The Gossiping Gourmet: Olive Pit chef has trained under some greats

What does a chef do after he has trained at the California Culinary Academy in San Francisco and worked under haute cuisine celebrities such as Daniel Boulud in New York and Wolfgang Puck in Beverly Hills?

If your name is Yianni Koufodontis, then you go back to your roots and open a restaurant spotlighting the cuisine closest to your heart — in this case, Mediterranean. Thus was born The Olive Pit Fresh Mediterranean Grill, first in Brea and then Huntington Beach.

This restaurant in a strip mall at the northern edge of Surf City has an outdoor patio, a floor to ceiling glass fronted dining room, plain ocher colored walls and an open ceiling with red rafters.

Even without knowing all this background, after eating there, you will know that someone very special is in the kitchen. In this simple and pleasant looking eatery, we were wowed by some of the best classic Greek dishes we've ever eaten.

What distinguishes Chef Yianni's cuisine (besides his great cooking) is his emphasis on healthy low-fat, low cholesterol and natural ingredients. For instance, we were delighted to see that the dolmades (stuffed grape leaves) were prepared with turkey instead of lamb, or you can have them vegetarian style.

We were even more delighted when we tasted them. They were simply the best ever, erasing the memory of all previous dolmades. The filling was an irresistible mixture of balanced flavors, tender meaty turkey, rice, pine nuts, currants and dill. Lifting them up yet another notch was a perfectly balanced and lightly sweetened lemon sauce.

Taking our taste buds on another trip was melitzanosalata, a smooth pureed eggplant dip flavored with walnuts, tahini paste and very good olive oil. An underlying subtle sweetness accompanied each bite while the tongue picked up different nuances reverberating like a good wine.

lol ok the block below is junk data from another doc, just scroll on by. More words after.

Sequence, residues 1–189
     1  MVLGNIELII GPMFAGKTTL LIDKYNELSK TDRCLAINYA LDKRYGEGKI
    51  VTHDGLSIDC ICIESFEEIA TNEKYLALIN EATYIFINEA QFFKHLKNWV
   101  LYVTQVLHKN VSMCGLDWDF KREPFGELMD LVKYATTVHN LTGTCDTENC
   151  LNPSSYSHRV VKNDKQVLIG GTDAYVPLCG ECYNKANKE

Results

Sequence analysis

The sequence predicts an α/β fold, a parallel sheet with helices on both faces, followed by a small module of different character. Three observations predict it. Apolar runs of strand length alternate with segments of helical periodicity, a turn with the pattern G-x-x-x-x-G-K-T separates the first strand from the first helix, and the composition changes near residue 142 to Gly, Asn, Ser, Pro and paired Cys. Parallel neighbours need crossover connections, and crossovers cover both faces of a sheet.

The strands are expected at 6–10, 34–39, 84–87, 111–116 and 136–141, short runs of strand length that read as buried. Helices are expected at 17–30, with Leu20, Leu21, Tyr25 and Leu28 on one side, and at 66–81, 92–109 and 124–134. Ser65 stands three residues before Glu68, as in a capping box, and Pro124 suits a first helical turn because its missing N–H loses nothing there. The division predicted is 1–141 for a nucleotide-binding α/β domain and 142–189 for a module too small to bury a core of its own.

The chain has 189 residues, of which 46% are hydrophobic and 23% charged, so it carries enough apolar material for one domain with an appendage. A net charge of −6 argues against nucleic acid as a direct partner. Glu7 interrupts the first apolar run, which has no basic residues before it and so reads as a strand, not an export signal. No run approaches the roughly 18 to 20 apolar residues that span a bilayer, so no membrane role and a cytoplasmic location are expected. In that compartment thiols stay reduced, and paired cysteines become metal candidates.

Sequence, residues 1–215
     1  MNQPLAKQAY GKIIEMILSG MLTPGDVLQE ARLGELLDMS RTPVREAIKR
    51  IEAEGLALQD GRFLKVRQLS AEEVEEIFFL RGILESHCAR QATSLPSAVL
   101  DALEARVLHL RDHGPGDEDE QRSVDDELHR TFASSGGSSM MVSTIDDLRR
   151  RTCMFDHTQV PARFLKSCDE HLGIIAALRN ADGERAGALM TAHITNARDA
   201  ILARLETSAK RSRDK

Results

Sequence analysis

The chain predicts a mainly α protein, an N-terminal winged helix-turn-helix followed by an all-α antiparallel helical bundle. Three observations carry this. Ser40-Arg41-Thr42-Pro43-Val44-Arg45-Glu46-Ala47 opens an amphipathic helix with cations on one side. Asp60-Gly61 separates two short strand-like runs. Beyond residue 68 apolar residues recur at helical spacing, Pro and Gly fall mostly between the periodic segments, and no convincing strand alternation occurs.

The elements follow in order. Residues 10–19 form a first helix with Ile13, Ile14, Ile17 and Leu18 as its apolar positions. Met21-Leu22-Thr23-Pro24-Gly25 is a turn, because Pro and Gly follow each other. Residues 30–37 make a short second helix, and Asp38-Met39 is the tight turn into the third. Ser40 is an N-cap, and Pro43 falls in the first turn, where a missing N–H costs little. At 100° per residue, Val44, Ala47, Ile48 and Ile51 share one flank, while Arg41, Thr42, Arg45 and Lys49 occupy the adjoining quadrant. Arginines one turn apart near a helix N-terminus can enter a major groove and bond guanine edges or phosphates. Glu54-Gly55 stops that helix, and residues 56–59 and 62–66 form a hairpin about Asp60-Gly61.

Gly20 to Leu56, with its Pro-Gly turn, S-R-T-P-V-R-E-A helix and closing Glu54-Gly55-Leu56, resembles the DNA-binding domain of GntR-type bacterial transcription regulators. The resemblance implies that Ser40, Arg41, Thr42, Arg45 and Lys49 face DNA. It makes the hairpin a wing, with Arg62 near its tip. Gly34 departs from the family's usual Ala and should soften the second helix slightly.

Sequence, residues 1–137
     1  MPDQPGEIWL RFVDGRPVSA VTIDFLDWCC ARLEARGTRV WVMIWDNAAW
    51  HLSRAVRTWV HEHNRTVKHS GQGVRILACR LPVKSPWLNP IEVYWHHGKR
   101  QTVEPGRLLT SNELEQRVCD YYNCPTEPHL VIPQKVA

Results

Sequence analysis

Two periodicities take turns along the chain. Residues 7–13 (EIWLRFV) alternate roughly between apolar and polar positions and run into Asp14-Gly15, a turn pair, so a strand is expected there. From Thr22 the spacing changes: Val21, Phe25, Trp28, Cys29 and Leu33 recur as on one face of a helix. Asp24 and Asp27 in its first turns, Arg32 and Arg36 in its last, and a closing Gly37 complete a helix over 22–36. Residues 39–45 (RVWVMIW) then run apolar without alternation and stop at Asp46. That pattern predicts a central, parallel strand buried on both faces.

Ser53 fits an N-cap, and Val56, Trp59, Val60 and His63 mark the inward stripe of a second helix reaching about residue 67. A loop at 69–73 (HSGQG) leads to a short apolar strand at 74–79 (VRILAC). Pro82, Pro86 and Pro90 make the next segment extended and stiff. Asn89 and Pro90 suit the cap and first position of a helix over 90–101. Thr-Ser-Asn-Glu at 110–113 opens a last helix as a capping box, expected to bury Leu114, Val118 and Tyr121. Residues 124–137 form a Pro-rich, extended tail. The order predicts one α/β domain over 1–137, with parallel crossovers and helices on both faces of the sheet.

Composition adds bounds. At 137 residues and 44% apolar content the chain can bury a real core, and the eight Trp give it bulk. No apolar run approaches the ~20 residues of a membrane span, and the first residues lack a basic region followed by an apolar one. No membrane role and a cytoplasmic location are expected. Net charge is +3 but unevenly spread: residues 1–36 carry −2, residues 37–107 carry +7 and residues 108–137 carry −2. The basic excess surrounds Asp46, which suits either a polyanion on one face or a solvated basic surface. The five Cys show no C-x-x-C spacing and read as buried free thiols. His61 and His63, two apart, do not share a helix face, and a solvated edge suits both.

We eschewed the mundane pita bread and yummed it up with spoons. Once again Chef Yianni balances flavors beautifully. It seems to be his special talent that we continually appreciated throughout the meal.

Our eyes popped when our amiable server placed one prodigious spanakopita in front of us. The overstuffed triangle of pastry, measuring at least six inches on a side, was filled with a mildly-flavored spinach and feta cheese mixture. The flaky phyllo dough seemed to have a dozen perfectly browned crispy layers. We just wished that the filling had a little more zip.

The menu is organized so that you can compose your own entrée by choosing one of nine proteins accompanied by two "small bites" (actually large side dishes): dips, vegetables, salads, rice and potatoes.

There are also kebab plates, where you can order one, two or three skewers plus two "small bites" as well as standards: roast chicken, filet of sole and lamb chops with sides, or spaghetti, pastitsio and moussaka.

We couldn't resist choosing falafel as one of our entrées since it's a Mediterranean classic that we really like when they're good. And these were much better than good. Falafels are ground chickpea patties that are deep-fried, usually seasoned with garlic, onions, parsley, coriander, cumin and cayenne.

For balance, some mild pickled vegetables provided a nice sour sharpness to accompany the crunchy discs. There was just a drizzle of tasty sauce (which we would have liked a little more).

It's de rigeur to have kebabs in a Mediterranean restaurant, so we tried chicken and lamb. Both were perfectly cooked, juicy and flavorful. Our "small bites" were simple roasted mushrooms and horta (boiled dandelion greens) with lemon and olive oil. The mushrooms were pleasant but the greens were drowning in olive oil.

We only managed to eat about half the food we ordered but we had to have to dessert. Bougatsa is a semolina and vanilla bean custard wrapped in phyllo. It was a knockout.

What made this meal unusual was that we were reluctant to give up each unfinished dish for the next.

ELLE HARROW and TERRY MARKOWITZ were in the gourmet food and catering business for 20 years. They can be reached for comments or questions at

Olive Pit

Where: 16365 Bolsa Chica St., Huntington Beach


Sunday through Thursday: 11 a.m. to 9:30 p.m.

Friday through Saturday: 11 a.m. to 10 p.m.


Appetizers: $3.85-$6.85

Salads: $7-$10.85

Entrées: $8-$13.85

Desserts: $3.50

Takeout and family value meals available


Bottles: $18-$29

By the glass: $5-$8

Corkage Fee: $5

Information: (714) 316-5000;

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